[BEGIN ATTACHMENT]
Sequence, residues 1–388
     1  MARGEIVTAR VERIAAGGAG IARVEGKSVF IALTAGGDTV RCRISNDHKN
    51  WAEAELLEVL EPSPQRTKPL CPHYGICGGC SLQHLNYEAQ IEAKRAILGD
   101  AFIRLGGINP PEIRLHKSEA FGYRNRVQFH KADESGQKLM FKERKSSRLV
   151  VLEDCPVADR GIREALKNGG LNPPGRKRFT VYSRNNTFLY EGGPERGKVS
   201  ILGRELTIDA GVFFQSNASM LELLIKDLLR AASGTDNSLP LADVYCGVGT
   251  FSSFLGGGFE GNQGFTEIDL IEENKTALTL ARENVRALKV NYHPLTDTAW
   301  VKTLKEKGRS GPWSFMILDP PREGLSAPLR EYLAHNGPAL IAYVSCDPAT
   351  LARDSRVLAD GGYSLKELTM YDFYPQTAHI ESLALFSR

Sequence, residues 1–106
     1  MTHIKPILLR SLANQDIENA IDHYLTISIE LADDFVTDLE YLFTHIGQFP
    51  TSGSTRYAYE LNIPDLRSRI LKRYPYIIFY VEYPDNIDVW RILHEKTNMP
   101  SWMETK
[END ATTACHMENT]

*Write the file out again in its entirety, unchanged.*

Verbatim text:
Sequence, residues 1–388
     1  MARGEIVTAR VERIAAGGAG IARVEGKSVF IALTAGGDTV RCRISNDHKN
    51  WAEAELLEVL EPSPQRTKPL CPHYGICGGC SLQHLNYEAQ IEAKRAILGD
   101  AFIRLGGINP PEIRLHKSEA FGYRNRVQFH KADESGQKLM FKERKSSRLV
   151  VLEDCPVADR GIREALKNGG LNPPGRKRFT VYSRNNTFLY EGGPERGKVS
   201  ILGRELTIDA GVFFQSNASM LELLIKDLLR AASGTDNSLP LADVYCGVGT
   251  FSSFLGGGFE GNQGFTEIDL IEENKTALTL ARENVRALKV NYHPLTDTAW
   301  VKTLKEKGRS GPWSFMILDP PREGLSAPLR EYLAHNGPAL IAYVSCDPAT
   351  LARDSRVLAD GGYSLKELTM YDFYPQTAHI ESLALFSR

Sequence, residues 1–106
     1  MTHIKPILLR SLANQDIENA IDHYLTISIE LADDFVTDLE YLFTHIGQFP
    51  TSGSTRYAYE LNIPDLRSRI LKRYPYIIFY VEYPDNIDVW RILHEKTNMP
   101  SWMETK